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example-1-2-0-Ex2 (SGL)

     Below we show an example of EAI solution designed using Guaraná DSL. To set the scene, we will use the scenario of an application integration problem under study at Unijuí, Brazil. Apart from some small modification introduced to highlight the issues of our research interest, the scenario is realistic.

     Unijuí has five applications involved in a hand-crafted process whose goal is to invoice their employees of the private phone calls they make using the University's phones.  Each application runs on a different platform and was designed without integration concerns in mind. There is a Call Center System (CCS) that records every call every employee makes from one of the telephones this university provides to them.  Every month, an analysis is performed to find out what calls have a cost and are not related to the work activities of the employees; such calls are debited to the employees by using a Debit System (DS).  There is also a Human Resources System (HRS) that provides personal information about the employees, including their names, phone numbers, social security numbers, and so forth.  There are two additional systems to send mail or SMS messages.  The goal of the integration solution is to automate the invoicing of the calls that an employee makes and are not related to his or her work activities.

     Figure~\ref{fig:unijui-integration-solution} depicts our integration solution. The applications are connected to an integration solution through wrappers (1). A wrapper contains tasks to interact with the application's interface layer (database, gateway, user interface, and so on), send and/or receive messages from the integration solution. The decorator (21) simply indicates which application and interfacing layer are being integrated/accessed.

     The integration flow for the solution presented in this example begins in the wrapper of application CCS with a timer task (2). This task creates an activation message every two minutes and sends it, through a slot to the next task, which is a file interfacing task (3). This task is responsible for accessing the files where the application CCS writes the phone calls, creates a message for each call and sends them to the next slot one-by-one. The exit port of this wrapper reads each message from this slot and then sends it to the integration link (4), making it available for the entry port of the central process block (5). This process contains a composite task that starts with a filtering task (6). This task filters out messages that do not have a cost for the university, and allow just toll calls to remain in the flow. Those messages are written to the next slot, and will be read by the next task, a replicator (7). The replicator makes copies of the original message. In this case one copy is sent to the wrapper of the application Human Resource System (HRS) and the other to the next element in the current process. In this integration solution we need to append missing information about the employee to the message, like: name, department, e-mail and mobile phone. This information is in the HRS, that is why it is also integrating our solution. The message copy received by the wrapper of HRS, through the ports (8), will be processed by a custom task (9). This task produces an outbound message that represents a database query to be executed by the database data source (10). After that the content enricher (11) receives the result from the HRS's wrapper and enriches the original message with it. Now the enriched message is sent to the next slot, the one that connects with the exit port (12). This port is also connected to three integration links that allow sending a message copy to DS, SMS and MS.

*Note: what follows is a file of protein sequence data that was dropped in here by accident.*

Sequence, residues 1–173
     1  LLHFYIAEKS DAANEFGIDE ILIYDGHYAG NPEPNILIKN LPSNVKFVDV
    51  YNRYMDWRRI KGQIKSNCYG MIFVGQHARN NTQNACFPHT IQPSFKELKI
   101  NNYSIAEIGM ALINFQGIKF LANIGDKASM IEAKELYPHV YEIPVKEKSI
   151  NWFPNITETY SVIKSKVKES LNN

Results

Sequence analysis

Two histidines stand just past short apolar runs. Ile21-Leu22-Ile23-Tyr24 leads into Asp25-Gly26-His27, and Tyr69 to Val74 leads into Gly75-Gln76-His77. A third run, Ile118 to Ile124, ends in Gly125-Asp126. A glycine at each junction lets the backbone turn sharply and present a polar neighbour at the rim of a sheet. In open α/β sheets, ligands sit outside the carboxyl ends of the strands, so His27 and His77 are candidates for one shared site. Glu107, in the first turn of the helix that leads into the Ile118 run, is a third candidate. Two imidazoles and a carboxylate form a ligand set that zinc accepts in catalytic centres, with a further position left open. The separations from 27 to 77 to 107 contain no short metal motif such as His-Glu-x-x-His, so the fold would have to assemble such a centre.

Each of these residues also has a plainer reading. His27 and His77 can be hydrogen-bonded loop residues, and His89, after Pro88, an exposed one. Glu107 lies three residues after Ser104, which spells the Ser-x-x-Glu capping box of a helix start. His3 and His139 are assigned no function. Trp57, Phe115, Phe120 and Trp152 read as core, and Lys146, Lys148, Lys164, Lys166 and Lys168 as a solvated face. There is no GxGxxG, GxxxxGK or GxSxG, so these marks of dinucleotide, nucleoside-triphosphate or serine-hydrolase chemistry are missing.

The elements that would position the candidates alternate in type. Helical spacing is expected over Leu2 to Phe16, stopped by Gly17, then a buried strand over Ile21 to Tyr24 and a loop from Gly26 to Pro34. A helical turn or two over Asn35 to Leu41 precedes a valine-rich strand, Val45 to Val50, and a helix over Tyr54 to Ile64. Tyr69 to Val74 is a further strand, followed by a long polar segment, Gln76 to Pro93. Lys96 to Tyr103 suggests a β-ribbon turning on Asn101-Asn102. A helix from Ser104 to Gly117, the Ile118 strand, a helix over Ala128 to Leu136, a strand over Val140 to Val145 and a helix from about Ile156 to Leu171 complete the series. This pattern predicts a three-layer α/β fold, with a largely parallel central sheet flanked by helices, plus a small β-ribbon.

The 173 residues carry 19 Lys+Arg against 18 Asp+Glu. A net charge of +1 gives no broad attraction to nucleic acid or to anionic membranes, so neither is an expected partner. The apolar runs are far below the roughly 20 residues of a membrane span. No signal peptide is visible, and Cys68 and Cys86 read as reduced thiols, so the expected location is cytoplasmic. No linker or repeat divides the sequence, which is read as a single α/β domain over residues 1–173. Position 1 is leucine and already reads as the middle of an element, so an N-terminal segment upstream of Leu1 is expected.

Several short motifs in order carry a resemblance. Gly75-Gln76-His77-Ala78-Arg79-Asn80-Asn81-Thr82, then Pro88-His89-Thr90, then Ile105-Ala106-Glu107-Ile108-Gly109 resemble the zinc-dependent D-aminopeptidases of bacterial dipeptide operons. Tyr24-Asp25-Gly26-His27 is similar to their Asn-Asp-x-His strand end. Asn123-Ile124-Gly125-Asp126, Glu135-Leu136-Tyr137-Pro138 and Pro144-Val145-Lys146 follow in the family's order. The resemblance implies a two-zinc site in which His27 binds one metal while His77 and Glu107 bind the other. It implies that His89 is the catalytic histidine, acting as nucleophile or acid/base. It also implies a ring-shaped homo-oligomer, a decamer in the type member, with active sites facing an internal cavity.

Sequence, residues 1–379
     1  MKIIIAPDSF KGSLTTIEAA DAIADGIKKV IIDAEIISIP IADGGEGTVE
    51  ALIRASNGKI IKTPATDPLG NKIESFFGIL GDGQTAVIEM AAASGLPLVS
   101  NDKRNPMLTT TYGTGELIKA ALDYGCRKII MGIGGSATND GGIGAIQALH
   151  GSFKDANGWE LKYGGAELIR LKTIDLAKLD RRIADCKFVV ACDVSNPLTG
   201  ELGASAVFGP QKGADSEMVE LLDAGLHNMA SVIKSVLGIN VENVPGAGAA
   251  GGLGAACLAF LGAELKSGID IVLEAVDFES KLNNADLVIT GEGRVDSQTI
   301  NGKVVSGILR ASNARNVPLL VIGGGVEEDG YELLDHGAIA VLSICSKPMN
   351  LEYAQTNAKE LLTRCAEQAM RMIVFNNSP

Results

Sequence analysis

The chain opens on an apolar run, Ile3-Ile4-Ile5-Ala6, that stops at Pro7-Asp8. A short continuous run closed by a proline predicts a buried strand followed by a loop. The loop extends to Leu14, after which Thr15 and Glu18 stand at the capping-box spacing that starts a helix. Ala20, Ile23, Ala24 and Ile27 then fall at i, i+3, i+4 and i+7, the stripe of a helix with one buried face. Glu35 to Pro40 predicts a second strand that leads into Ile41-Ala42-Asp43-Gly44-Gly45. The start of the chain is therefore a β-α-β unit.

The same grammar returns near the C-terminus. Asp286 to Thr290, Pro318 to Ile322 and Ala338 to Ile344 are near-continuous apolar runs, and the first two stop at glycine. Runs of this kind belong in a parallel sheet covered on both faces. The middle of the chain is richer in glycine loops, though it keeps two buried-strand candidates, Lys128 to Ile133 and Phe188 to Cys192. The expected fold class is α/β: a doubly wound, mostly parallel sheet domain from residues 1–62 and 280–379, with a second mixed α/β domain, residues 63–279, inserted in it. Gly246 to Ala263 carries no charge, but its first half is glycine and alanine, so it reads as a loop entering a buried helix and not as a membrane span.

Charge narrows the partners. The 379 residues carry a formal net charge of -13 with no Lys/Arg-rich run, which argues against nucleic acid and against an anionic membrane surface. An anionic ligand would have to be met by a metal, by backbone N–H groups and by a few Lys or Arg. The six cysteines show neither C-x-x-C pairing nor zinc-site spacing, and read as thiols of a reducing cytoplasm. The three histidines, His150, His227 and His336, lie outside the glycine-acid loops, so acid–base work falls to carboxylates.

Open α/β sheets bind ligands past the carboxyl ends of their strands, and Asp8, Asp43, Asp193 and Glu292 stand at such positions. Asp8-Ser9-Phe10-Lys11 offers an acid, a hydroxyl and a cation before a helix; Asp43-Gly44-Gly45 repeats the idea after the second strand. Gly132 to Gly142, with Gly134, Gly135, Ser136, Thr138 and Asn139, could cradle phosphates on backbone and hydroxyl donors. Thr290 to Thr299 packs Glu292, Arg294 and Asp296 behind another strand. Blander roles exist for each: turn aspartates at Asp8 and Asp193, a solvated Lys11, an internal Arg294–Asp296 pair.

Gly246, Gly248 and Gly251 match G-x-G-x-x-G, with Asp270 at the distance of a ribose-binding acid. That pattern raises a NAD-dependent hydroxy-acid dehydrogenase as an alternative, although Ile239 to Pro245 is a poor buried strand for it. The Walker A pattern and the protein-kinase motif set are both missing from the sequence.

The first integration flow after the exit port (12) connects the process (5) to the wrapper of the DS application. This wrapper receives the message through its entry port and makes it available for the first internal task of the wrapper, the translator task (13). The translator is responsible for translating the current message format into a new format that the DS can understand, and then immediately writes the message into the slot between the translator and the database data source (14). This task accesses the database of the DS and stores the message.

     The second flow connects the same exit port (12) to the other process (15) which have a unique internal task, a slimmer task. A slimmer is responsible for removing some information from the message in order to make it smaller before sending it to the SMS. The SMS is an external application that allows sending messages to mobile phones. In its wrapper, there is a translator (16) that receives the inbound message and translates it into a special format that the SMS can understand. Once the SMS offers a public gateway the interaction can be done by a RPC access (17), that forwards the inbound message.

     The last copy of the message goes to the flow (18) that now connects the process (5) with the wrapper of the MS. This wrapper integrates the application allowing the solution to send e-mails with all the details about the employee's call. As in the other wrappers it is important to translate the inbound message into a message format that the MS can understand. This is done using a translator (19) inside the wrapper, just after the entry port. The translated message now goes, through a slot,  to the next task, the RPC access (20), and then to the MS.